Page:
Mosul, 5 years on – Timeline of MSF activities

2014: Islamic State Group takes Mosul 

On June 10th, 2014, Iraq’s second largest city, Mosul, located in Ninewa Governorate, falls to the Islamic State group. After the control of the Islamic State group over Mosul and the following offensives to retake the city from their control, over one million Iraqis fled their homes to seek safety, mostly in Iraqi Kurdistan. MSF launches an emergency response to provide basic medical care and essential relief items for displaced people in several locations and governorates in northern Iraq. The support to the displaced continues over 2015.

2016: Start of the battle of Mosul, MSF emergency response in and around the city

On October 16th, the offensive to retake the city starts. Iraqi security forces, with the help of a US-led international coalition fought for nine months. Almost every street and every house were visited and secured. Thousands of people were wounded or killed in the fighting and more than one million were displaced. This battle remains one of the deadliest urban battles since the Second World War, with medical needs during and after the battle among the highest in the country’s history. Today, the city is still struggling to recover from the aftermath.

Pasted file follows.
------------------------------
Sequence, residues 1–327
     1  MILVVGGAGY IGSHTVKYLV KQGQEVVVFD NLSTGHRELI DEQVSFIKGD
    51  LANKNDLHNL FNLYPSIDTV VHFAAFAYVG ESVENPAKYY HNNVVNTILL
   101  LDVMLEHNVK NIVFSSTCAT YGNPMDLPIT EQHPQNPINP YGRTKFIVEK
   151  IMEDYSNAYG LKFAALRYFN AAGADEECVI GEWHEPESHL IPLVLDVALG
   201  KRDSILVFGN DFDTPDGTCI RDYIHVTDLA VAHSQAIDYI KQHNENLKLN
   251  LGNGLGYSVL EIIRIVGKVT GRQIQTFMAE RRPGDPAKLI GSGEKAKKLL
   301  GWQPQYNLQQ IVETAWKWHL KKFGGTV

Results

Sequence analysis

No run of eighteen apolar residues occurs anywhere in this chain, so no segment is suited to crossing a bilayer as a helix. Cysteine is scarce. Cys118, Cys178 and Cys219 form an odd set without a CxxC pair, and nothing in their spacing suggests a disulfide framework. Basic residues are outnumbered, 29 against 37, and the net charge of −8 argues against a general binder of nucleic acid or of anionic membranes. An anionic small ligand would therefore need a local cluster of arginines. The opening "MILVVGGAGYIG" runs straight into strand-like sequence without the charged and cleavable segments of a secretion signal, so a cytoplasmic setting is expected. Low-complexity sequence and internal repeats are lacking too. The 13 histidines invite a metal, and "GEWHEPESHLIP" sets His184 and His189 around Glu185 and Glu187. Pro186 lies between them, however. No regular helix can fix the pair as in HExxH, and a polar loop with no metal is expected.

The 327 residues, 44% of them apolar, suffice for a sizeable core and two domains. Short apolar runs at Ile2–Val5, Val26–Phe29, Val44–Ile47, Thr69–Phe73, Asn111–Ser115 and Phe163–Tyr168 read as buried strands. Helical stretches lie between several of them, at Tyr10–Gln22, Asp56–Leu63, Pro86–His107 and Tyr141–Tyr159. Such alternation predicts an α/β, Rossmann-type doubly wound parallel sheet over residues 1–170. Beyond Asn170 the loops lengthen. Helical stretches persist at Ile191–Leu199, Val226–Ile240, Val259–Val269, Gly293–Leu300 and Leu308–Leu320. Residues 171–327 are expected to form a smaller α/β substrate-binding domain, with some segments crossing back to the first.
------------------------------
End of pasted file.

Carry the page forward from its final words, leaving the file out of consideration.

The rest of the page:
• November: MSF deploys mobile teams to newly erected camps west of Erbil —where displaced people were settling— to provide essential relief items and basic healthcare services to people fleeing Mosul. 
  • December: In Qayyarah, a town located on the west bank of the Tigris River, about 60 kilometres south of Mosul, MSF opens a field hospital with an emergency room, operating theatre and 32-bed inpatient department. In its first month, the hospital treats more than 1,000 emergency patients and carries out more than 90 surgeries. Later, a therapeutic feeding centre is added for children suffering from malnutrition as a result of severe food shortages in besieged West Mosul.